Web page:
Archive for the 'Institutional Repositories' Category

"Leading Across Boundaries: Collaborative Leadership and the Institutional Repository in Research Universities and Liberal Arts Colleges"

Posted in ARL Libraries, Digital Repositories, Institutional Repositories, Open Access, Research Libraries, Self-Archiving on November 15th, 2017 by Charles W. Bailey, Jr.

David M. Seaman has self-archived "Leading Across Boundaries: Collaborative Leadership and the Institutional Repository in Research Universities and Liberal Arts Colleges."

Here's an excerpt:

Two methodologies—content analysis of IR web pages and surveys of library directors and IR developers—were employed to determine if IRs revealed evidence of collaborative leadership. The study populations were those members of the Association of Research Libraries (ARL) and the Oberlin Group of liberal arts colleges that operated IR services by July 2014 (146 institutions overall). The research examined if IR format, size, age, nomenclature, or technology platform varied between ARL and Oberlin Group members. It asked if there is any difference in the perception of collaborative leadership traits, perceived IR success, or collaborative involvement with stakeholder communities between ARL and Oberlin Group members or between library directors and IR developers. The study found evidence of all six collaborative leadership traits being examined: assessing the environment for collaboration, creating clarity, building trust, sharing power, developing people, and self-reflection.

Research Data Curation Bibliography, Version 8 | Digital Curation and Digital Preservation Works | Open Access Works | Digital Scholarship | Digital Scholarship Sitemap

Share

Lots of Institutional Repositories Keep E-prints Safe

Posted in Copyright, Digital Copyright Wars, Digital Repositories, Disciplinary Archives, Institutional Repositories, Open Access, Open Science, Publishing, Research Libraries, Scholarly Journals, Self-Archiving on October 12th, 2017 by Charles W. Bailey, Jr.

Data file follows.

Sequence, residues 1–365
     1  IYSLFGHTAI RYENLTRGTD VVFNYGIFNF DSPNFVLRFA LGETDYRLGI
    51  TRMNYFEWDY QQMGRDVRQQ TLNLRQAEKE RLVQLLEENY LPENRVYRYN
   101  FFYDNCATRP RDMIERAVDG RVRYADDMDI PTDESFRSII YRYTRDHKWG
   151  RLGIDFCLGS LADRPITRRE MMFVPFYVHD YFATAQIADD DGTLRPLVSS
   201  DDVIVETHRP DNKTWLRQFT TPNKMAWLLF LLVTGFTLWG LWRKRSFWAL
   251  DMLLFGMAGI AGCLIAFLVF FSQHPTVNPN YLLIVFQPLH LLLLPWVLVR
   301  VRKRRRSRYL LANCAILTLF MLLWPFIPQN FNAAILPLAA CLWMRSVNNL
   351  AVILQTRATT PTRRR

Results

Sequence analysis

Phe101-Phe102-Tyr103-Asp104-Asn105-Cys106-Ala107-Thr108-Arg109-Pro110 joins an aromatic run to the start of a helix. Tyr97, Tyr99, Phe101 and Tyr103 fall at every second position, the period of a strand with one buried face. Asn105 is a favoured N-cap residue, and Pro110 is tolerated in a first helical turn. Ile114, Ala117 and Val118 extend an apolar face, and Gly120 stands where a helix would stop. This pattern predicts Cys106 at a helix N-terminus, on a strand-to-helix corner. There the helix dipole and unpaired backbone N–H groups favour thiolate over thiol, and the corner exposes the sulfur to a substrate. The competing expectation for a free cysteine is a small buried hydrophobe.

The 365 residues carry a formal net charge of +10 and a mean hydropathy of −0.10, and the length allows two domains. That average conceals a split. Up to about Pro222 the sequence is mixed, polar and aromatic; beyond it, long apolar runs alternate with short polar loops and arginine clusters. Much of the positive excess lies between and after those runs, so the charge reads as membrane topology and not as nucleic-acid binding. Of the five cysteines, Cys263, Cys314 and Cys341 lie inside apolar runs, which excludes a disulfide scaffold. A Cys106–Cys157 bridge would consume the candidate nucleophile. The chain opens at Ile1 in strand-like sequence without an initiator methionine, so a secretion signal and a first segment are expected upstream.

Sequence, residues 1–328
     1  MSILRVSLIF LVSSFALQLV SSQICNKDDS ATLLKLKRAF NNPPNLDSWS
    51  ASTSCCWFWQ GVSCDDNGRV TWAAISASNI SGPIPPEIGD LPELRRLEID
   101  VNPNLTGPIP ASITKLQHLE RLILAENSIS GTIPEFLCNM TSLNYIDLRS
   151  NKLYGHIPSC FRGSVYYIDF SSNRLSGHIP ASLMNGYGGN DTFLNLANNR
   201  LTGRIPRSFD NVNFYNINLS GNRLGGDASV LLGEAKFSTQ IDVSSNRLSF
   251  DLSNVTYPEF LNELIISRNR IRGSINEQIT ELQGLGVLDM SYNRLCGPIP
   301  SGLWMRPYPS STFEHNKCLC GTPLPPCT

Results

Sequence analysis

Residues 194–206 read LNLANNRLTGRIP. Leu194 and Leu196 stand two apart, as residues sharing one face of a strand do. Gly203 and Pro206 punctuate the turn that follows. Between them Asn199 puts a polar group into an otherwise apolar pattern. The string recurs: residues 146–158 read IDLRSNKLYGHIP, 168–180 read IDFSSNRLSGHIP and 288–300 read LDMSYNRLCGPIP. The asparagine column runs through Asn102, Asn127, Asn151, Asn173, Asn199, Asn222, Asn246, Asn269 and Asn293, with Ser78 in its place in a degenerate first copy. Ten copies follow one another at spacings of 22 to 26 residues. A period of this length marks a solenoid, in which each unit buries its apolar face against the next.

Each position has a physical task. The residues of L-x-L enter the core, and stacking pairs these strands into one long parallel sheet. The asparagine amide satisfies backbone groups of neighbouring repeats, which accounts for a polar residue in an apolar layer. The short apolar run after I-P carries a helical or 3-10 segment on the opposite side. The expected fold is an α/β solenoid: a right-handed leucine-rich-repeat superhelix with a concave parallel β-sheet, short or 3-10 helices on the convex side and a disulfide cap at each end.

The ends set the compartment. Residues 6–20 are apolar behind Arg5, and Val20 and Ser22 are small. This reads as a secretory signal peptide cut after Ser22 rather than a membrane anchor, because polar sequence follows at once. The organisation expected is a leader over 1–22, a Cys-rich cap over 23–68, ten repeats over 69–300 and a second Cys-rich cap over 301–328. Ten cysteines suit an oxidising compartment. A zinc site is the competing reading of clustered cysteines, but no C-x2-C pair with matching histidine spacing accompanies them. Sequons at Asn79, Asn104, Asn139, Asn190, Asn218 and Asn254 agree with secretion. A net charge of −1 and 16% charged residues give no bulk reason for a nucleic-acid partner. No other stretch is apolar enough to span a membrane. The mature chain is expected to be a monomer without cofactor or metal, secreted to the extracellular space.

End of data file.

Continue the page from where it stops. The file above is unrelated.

The seductive allure of a commercial mega repository is two-fold: (1) everything is conveniently in one place, and (2) a company is taking care of the dreary and expensive business of running it.

Everything seems fine: problem solved! That is until something goes wrong, such as the repository being bought and controlled by a publisher or being threatened by lawsuits by a coterie of publishers.

Then it's important to remember: it's a company, and companies exist to make a profit.

Heh, companies are great. I wouldn't have just had that tasty cup of coffee without them. But, we should be very clear about what motivates companies and controls their behavior. And we shouldn't be shocked if they do things that aren't motivated by lofty goals.

I know: institutional repositories are hard work. The bloom is off the rose. But they exist to serve higher education, not make money, and they part of the academic communities they serve. And they can't be bought. And their universities don't often go out of business. And there are a lot of them. And they are not likely to be attractive targets for lawsuits unless something has gone very, very wrong at the local level.

Copyright is complicated. No one is advocating that we ignore it and just shove e-prints into IR's willy-nilly. Getting faculty to understand the ins and outs of e-print copyright is no picnic, nor is monitoring for compliance. But the battle is easier to fight at the local level where one-on-one faculty to librarian communication is possible.

For self-archiving to flourish in the long run, institutional repositories must flourish. By and large, librarians establish, run, and support them, and they are the quiet heroes of green open access who will continue to provide a sustainable and reliable infrastructure for self-archiving.

Share

"Penn Libraries to End Partnership with bepress"

Posted in ARL Libraries, Digital Repositories, Institutional Repositories, Open Access, Publishing, Research Libraries, Self-Archiving on October 12th, 2017 by Charles W. Bailey, Jr.

The University of Pennsylvania Libraries has released "Penn Libraries to End Partnership with bepress."

Here's an excerpt:

In August, bepress sold their company to Elsevier, a business with a history of aggressive confidentiality agreements, steep price increases, and opaque data mining practices. In their acquisition of bepress and other companies like SSRN and Mendeley, Elsevier demonstrates a move toward the consolidation and monopolization of products and services impacting all areas of the research lifecycle.

We are worried about the long-term impacts from these acquisitions and are concerned that such changes are not in the best interests of the library community. Therefore, we feel obligated to begin exploring alternatives.

Research Data Curation Bibliography, Version 8 | Digital Curation and Digital Preservation Works | Open Access Works | Digital Scholarship | Digital Scholarship Sitemap

Share

COAR Annual Report 2016/17

Posted in Digital Repositories, Institutional Repositories, Open Access, Open Science on August 18th, 2017 by Charles W. Bailey, Jr.

The Confederation of Open Access Repositories has released the COAR Annual Report 2016/17 .